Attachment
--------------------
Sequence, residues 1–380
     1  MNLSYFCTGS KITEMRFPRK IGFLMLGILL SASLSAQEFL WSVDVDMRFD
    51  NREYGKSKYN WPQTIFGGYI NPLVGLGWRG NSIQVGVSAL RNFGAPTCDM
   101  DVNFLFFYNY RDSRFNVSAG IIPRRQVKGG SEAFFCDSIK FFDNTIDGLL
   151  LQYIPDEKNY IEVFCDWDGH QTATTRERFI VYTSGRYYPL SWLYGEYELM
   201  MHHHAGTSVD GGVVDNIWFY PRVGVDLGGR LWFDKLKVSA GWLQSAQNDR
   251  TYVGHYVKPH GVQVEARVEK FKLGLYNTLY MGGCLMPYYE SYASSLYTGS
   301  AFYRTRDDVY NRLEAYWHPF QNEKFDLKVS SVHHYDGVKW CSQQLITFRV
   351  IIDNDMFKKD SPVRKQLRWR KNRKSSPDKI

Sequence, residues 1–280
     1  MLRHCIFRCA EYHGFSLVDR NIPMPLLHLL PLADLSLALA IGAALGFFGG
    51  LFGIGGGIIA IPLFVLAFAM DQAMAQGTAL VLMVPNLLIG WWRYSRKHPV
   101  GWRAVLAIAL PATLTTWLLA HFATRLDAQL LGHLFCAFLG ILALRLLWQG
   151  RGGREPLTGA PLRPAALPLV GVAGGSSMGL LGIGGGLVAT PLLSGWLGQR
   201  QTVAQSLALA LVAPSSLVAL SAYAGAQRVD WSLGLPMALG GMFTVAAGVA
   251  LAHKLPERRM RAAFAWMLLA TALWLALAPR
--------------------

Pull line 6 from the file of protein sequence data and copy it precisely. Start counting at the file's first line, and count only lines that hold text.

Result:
   201  MHHHAGTSVD GGVVDNIWFY PRVGVDLGGR LWFDKLKVSA GWLQSAQNDR